At the corner of Joalyn Road and Main Street in New Paltz is a pile of rocks that won't stay still. It's not that anybody ever seems to see it changing, but this pile of rocks is actually a dynamic sculpture that doesn't ever seem to keep the same configuration for long. It has its own Facebook fan page, and has occasionally been decorated for holidays and other special occasions.
"That Rock Sculpture in New Paltz," as it's called on Facebook, is the brainchild of Dr. Mark Jordan, upon whose land it sits. Dr. Jordan spoke to the New Paltz Examiner in the office he refers to, tongue-in-cheek, as his "laboratory." In the small room lined floor-to-ceiling with shelves of supplements and health texts he spoke about the origins and history of the sculpture. "I wanted to make a sign for the business [New Paltz Healing Arts, which occupies the building Jordan owns on that corner], and I got a couple of pallets of stone delivered," he explained, recalling the events from about five years past. "It turned out they must have been the wrong kind of stone," he continued, because he was completely unsuccessful making a stable structure to hold a sign - the pile of stones which had been dumped at the corner was completely unsuitable.
"I started piling the rocks up, and I found I just couldn't stop until every one was placed," he recalled. "I was in the zone," and intuitively knew where each stone ought to go. Jordan started getting positive feedback about the sculpture right away, the amount of which initially surprised him. Even more pleasing, however, was the fact that passersby started moving stones around on the sculpture, making it interactive. "Once early on it was just pushed over," but for the most part the changes have been intentional. People have even donated stones to it over the years.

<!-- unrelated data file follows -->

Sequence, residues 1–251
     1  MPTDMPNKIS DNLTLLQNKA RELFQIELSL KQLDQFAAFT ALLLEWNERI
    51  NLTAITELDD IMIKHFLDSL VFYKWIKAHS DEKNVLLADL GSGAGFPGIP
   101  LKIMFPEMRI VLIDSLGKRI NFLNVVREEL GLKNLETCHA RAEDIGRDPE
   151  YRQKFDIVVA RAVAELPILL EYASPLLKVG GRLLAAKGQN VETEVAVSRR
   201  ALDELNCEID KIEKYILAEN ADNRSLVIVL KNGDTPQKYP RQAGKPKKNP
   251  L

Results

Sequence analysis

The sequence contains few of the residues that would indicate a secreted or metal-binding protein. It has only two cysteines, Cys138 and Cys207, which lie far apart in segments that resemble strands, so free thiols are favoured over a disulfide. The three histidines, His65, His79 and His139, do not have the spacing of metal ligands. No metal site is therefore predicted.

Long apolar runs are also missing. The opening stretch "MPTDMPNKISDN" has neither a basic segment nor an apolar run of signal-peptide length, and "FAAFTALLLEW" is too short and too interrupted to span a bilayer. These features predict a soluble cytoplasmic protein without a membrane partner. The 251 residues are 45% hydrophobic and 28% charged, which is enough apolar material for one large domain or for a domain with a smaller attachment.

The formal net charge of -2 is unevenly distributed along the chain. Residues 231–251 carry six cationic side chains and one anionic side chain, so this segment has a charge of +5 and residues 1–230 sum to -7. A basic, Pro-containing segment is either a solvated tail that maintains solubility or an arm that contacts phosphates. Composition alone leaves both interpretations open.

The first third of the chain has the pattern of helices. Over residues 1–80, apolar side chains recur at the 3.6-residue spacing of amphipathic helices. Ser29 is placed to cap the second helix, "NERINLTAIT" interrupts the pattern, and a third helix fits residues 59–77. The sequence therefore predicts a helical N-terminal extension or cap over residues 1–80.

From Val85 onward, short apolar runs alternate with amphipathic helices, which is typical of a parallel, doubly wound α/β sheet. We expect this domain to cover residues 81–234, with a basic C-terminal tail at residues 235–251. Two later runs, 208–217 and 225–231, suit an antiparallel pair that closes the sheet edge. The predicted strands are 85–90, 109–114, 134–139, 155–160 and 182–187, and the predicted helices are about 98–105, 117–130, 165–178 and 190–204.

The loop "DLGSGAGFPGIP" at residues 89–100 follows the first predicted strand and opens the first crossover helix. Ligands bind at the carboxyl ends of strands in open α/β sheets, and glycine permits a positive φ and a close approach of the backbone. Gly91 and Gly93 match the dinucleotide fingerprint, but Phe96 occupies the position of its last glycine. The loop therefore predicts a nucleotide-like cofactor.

Occasionally That Rock Sculpture has gotten spruced up for a specific holiday or event, and Jordan makes it a point to do a major overhaul every few months. He recalled being asked to participate in the Celebration of the Arts "early on" in the sculpture's life, and he responded with a theme about "sticks and stones and rubber ducks." The sculpture has also been decorated for Christmas and Halloween. When he reorganizes the structure, Jordan tries to keep to his meta-theme of "flow." He enjoys the paradox of making something changing and shifting out of rock, a decidedly unmoving medium.
Above all, he tries to "avoid making it into something . . . it's a pile of rocks!"